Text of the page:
- Tackle minister over no work, no pay policy
Paul Obi in Abuja
The National Association of Resident Doctors of Nigeria (NARD) monday gave the federal government a 21-day ultimatum to address the non-payment of salaries to its members, indiscriminate sack of members and poor health care infrastructure or face an industrial inaction.
Speaking with journalists at the end of the extraordinary National Executive Council (NEC) meeting in Abuja, NARD President, Dr. Muhammad Askira, said the body would fight the current injustice with all its energy.
The association explained that increasing cases of non-payment of salaries, poor infrastructure and administrative corruption remained the biggest challenge in the health sector.
Askira said: “NARD notes the poor infrastructure in our hospitals which has affected the delivery of adequate health care to our teeming populace. We observe that residency training programme is still not funded and without guiding policies.
“We also note the undue sack of our members from some of the training institutions. Additionally, the delay in effecting the pension deductions of our members was regrettably noted.”
NARD President further observed that: “Whereas a labourer deserves his wages, we note that some of our members in stated -owned tertiary hospitals have not been paid salaries ranging from three to eight months.”
He listed such states as Osun, Imo, Abia, Ekiti among others, adding that: “We noted with dismay the inappropriate placement and remuneration of our members in states and federal tertiary hospitals across the nation. As such, most hospitals are paying our members only fractions of their salaries notably FETHA Abakiliki; FMC Umuahia; ABUTH Zaria; UNTH Enugu among others, while in UCH Ibadan; UBTH Benin City, LUTH Lagos, FMC Owerri, ISTH Irrua and NOH Dala, November/December 2015 salaries are yet to be paid.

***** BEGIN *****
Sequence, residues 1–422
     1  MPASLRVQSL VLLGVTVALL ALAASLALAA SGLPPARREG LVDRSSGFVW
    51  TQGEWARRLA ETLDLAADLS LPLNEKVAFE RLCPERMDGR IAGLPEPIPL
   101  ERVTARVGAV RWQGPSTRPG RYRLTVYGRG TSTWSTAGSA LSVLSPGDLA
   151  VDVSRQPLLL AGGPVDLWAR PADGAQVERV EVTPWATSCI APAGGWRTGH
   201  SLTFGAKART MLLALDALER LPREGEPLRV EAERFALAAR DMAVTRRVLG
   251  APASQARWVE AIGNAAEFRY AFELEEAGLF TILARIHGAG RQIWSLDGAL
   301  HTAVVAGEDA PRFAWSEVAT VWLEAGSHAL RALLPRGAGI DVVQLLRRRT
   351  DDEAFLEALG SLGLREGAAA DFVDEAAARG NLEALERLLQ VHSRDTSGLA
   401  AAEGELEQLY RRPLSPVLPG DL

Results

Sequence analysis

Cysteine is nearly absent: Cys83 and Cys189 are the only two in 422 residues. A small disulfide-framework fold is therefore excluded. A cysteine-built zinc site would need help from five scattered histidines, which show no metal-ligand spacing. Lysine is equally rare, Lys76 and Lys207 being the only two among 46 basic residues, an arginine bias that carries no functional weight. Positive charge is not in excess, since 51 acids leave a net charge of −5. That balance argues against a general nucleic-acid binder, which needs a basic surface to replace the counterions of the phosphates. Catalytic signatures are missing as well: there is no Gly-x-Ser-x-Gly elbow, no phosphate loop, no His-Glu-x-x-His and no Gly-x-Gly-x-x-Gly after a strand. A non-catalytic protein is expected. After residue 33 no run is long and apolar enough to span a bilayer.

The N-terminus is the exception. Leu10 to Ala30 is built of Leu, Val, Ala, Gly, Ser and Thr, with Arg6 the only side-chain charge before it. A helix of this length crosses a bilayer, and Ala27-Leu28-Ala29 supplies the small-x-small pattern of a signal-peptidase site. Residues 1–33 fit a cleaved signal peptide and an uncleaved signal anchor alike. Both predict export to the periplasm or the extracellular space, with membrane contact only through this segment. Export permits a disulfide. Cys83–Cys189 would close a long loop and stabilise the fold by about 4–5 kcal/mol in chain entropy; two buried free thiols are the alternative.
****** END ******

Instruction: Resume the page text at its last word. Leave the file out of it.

“In line with the above realities, NARD has declared a 21-day ultimatum with effect from yesterday, April 4, 2016, to press home our demands following which industrial harmony in our various hospitals may not be guaranteed if the existing realities are not resolved.”
The body also called for the reversal of the recent sack carried out by government, including realising and implementing “residency training guidelines with appropriate budgetary backing.”
On the threat by the Minister of Health, Prof. Isaac Adewole, where he gave a warning order that the federal government would henceforth adhere and implement strictly the policy of ‘no work, no pay’, NARD declared that “there is no justification for such a draconic policy, given that government is yet to play its role.
“The minister should tell us the penalty of no work and no pay. If funds have been released, who are those holding it? If they have not been released, are there justification for bringing in the law?
“Monumental malpractice, corruption and discrimination in the polity must stop.
“Anybody who stops us from getting our entitlement is an enemy of this country. Enough is enough.”
Askira lampooned the idea of withholding doctors’ salaries, arguing that government should also met out punitive measures to itself for failing to pay doctors who already have fulfilled their obligation by working without salaries.
NARD also raised the alarm over the incessant cases of administrative corruption in the health sector, stressing that there was the need to “free it, (ministry of health) from administrative corruption, it has eaten it up.”
The association also called on President Muhammadu Buhari to intervene in the matter, as the negative effect of the crisis would not be a good omen for his government.
Askira stated that many Nigerians voted for Buhari with the hope to salvage challenges such as the one in the health sector, adding that the president must act to save the situation.